With down markets and uncertain weather in parts of the Midwest, many grain bins are still full.
Rising rivers could present one challenge for moving grain this spring, but Scott Masters, grain merchandiser at Farmers Elevator and Exchange in Wapello, Iowa, said his elevator hasn’t run into issues so far.
“One-hundred percent of our logistics are via truck, so we haven’t really had any logistics problems,” he said. “We might be running into some small ones with the river coming up (in eastern Iowa), with farmers who might want to get their grain sold to the river.”
He said much of the traffic that would be affected by the rising river levels would be soybeans, as most of their corn intake goes to the nearby GPC or Big River Ethanol plants.
Masters said he has noticed slowing of some selling. Normally he would buy from a few farmers each day.
He said that reluctance might cause a pinch later in the year.
“It does happen where guys get reluctant and they end up hanging onto it,” Masters said. “All of a sudden, we haven’t emptied (our space) the way we normally would want to, but they are still going to bring in their crop because they don’t have anywhere to put it.”
Some farmers may be waiting on the hopes of a new U.S.-China trade deal, which would significantly boost demand for U.S. soybeans.
Scott Irwin, the chair of agricultural marketing at the University of Illinois, said that’s a risky proposal.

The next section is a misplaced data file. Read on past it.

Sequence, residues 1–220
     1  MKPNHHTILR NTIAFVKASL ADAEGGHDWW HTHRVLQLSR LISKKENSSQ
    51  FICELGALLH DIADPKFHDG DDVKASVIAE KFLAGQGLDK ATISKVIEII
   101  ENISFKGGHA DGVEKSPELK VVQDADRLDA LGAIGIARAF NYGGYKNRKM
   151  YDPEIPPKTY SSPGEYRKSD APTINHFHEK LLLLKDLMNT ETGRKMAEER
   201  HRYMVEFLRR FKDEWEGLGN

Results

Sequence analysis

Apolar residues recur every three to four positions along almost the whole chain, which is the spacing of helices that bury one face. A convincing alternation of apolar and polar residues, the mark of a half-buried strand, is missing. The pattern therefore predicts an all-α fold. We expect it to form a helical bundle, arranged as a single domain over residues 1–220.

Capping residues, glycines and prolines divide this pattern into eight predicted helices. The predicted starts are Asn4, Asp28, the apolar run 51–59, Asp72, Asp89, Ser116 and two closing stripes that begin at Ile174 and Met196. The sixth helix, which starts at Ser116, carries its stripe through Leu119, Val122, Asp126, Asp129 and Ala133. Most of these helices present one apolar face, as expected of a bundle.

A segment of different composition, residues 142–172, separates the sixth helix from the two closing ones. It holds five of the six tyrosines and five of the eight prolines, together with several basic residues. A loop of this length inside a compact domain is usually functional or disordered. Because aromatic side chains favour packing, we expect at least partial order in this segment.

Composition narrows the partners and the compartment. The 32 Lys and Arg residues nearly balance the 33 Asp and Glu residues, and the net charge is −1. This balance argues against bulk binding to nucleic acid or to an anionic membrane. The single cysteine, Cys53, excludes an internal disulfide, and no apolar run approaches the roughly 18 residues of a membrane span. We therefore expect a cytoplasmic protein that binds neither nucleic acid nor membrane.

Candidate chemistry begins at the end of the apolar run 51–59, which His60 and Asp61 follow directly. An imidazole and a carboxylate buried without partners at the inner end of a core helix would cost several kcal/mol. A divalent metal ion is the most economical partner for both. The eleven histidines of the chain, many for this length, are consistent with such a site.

“You are making one heck of a bet and paying a lot of storage,” Irwin said. “I think that’s an awful lot of risk, and I would recommend you spread your risk. I wouldn’t want, personally, to be speculating on a trade deal quite that heavily in terms of how much I have stored.”
He said the major issue is the carryout numbers the United States is currently seeing. Depending on what estimates people are using, Irwin said the soybean carryout number ranges from 900 million to 1 billion bushels. To draw that down will take luck, poor weather or a very favorable trade deal.
“To get us back down to a 400 million bushel carryout, we would have to drop the U.S. average soybean yield between 7 and 8 bushels an acre to get us back down even to that,” Irwin said. “That would historically be considered relatively plentiful stocks.”
The uncertainty puts more pressure on local elevators as well.
Masters guessed that what is going to be forward contracted for this fall is already baked into the market, and he expects less to be forward contracted this season than in the past.
“The grain market is forcing us, at least here, to look further out into the future to move our grain,” he said. “We are going to be emptying this facility out later than we normally would. Hopefully that shouldn’t really affect guys bringing their grain here during harvest, but it will affect how we handle it post-harvest.”